Book Review: Caledonian Road // Andrew O’Hagan

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At one point in Andrew O’Hagan’s state-of-the-nation novel, Caledonian Road, one character tells another: “A real writer doesn’t reveal the truth. He hides it beautifully.” And that statement could comfortably be made about O’Hagan. His perennially provocative new epic tells of an “ailing” Britain at the height of the pandemic – one that is internally divided politically, economically, racially, and culturally – from a distance. At no point in time does he promote or champion a specific perspective nor reveal his point of view: that is left to the reader. 

He leans instead on his protagonist, celebrity author and UCL professor Campbell Flynn, to raise the questions. After building rapport with one of his students, Milo Mangasha, the middle aged, middle classed, and moderately famous academic has an existential crisis. An extended where-do-the-ducks-go phase leads him to question his privilege and role in perpetuating the status quo. Issues that have been discussed in the British media over the last few years, from the ownership of foreign art to Russian money in London, all come under scrutiny in the pensant’s more troubled hours.

The book’s plurality of interests makes it read like a snapshot of contemporary London society and, in some ways, of British society. It goes beyond touching upon contemporary hot button issues and tries to represent all its members – as the multi-page character list at the start of the novel foreshadows. From London’s gangs to its elites, everyone is connected in a quasi-Balzacian way through Caledonian Road (or to “the Cally” as others call it). On his wife’s side, Campbell has access to the uber rich aristos with their Warhols, Breguets and Indian help. Through Milo, he indirectly ties to the likes of 0044, Big Pharma or Ghost 24, murkier underground characters who are themselves connected to less savory characters.

The perspective shifts that O’Hagan employs also contribute to creating an impression of societal totality. Some characters – Milo, Campbell’s sister, Jakub, etc. – appear several times and represent other parts of society. They shed light on interests and worries that are radically different from Campbell’s despite often being tied directly or indirectly to his own. Others appearing only once provide narrative clues that connect people, places, and provide alternative perspectives to his often-subjective experience. They keep each other honest and do not allow the reader to accept its characters at face value. They reveal that, perhaps, there is nothing we can do except try harder. As one of the characters puts it: “we’re all stupid sometimes”.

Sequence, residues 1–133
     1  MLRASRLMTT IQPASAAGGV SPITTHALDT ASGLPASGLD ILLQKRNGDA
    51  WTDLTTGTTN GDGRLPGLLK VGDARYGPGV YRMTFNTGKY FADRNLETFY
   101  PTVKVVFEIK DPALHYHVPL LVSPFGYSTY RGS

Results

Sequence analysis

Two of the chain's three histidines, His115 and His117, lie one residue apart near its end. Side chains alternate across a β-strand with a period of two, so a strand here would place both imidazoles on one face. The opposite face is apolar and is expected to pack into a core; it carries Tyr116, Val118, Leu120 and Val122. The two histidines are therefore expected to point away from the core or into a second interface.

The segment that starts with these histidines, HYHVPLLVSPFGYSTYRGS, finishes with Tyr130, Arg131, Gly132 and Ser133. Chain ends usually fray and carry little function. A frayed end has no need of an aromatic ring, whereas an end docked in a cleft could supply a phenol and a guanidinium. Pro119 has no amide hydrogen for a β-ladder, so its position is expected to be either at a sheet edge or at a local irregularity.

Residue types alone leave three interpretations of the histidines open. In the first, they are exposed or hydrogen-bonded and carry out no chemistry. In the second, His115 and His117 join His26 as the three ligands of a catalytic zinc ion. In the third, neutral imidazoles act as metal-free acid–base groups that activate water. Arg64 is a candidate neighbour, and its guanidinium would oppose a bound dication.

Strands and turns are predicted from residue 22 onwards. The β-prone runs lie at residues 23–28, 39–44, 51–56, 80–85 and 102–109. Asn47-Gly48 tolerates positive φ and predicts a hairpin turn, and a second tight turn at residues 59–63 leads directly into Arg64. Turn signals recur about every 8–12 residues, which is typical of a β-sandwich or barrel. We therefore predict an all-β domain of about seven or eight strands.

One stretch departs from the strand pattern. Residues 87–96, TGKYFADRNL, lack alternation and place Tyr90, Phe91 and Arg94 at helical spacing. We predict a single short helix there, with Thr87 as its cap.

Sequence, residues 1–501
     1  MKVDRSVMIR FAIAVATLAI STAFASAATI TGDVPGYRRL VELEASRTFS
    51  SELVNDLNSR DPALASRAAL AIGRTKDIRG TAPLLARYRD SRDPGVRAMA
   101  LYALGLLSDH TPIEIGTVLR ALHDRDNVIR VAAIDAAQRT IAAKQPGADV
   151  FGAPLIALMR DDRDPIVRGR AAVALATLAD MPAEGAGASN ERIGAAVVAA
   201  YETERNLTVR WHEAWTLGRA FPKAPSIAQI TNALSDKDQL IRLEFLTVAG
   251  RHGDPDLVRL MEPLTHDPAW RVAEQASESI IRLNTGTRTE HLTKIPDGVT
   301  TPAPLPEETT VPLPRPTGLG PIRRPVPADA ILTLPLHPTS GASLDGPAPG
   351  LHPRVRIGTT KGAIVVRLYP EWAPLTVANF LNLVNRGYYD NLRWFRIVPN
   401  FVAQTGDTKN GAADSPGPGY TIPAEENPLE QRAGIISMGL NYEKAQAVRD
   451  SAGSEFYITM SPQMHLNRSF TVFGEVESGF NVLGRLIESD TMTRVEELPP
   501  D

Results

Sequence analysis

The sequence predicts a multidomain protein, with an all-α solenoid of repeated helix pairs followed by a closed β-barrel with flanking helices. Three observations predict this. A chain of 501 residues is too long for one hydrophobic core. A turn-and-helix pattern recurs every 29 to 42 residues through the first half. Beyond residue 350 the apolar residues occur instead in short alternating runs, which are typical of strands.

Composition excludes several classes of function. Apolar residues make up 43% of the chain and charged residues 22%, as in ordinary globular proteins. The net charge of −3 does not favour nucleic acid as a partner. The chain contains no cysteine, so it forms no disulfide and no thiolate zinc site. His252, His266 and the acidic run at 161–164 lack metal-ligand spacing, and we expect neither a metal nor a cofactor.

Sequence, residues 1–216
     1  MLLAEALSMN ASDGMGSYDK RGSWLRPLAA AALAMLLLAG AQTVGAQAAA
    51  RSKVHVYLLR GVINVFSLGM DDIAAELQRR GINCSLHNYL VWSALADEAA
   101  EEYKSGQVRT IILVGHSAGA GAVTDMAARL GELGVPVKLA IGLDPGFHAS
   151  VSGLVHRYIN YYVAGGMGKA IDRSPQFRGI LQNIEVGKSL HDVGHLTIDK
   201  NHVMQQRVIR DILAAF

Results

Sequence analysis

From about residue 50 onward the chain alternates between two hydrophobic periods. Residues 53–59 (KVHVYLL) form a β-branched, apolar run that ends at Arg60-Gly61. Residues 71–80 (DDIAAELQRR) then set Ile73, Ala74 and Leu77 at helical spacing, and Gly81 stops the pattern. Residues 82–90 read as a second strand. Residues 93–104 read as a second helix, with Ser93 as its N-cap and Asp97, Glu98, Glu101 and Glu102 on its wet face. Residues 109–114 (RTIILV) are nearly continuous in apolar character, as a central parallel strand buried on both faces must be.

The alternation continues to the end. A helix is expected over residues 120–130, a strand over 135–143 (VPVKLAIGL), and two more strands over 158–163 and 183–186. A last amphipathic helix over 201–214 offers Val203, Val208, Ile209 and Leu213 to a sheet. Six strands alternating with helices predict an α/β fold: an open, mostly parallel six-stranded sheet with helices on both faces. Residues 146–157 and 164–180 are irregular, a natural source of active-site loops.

This layering of contradictions is central to the novel and is often supplemented with incisive absurdist humor. In one delightful passage, we are told about Campbell’s colleague Jennifer Mearns, a fellow academic who has “searched the universe (and the world’s archives) for evidence of famous writers making sexist remarks in or around the year 1888.” In another, a new student approaches Campbell. “My mom got me your book on Vermeer for my birthday,” she says. “I haven’t read it yet, but we were in Berlin and saw two of the paintings.” The underlying humor questions, provokes, and demands that we reflect on our own actions.

In other hands, Caledonian Road with its aspirations of capturing the zeitgeist (a feat comparable to capturing lightning in a bottle) might have failed miserably. But with seven books under his belt, O’Hagan doesn’t miss. This Dickensian novel is a page turner with an extensive cast, a clever plot, and is sure to charm even the most reluctant reader through its wit and ideas. Whether Caledonian Road and its current issues will stand the test of time is unclear, but it is undoubtedly one of the greater novels of our time.  

Words by Elkyn Ernst


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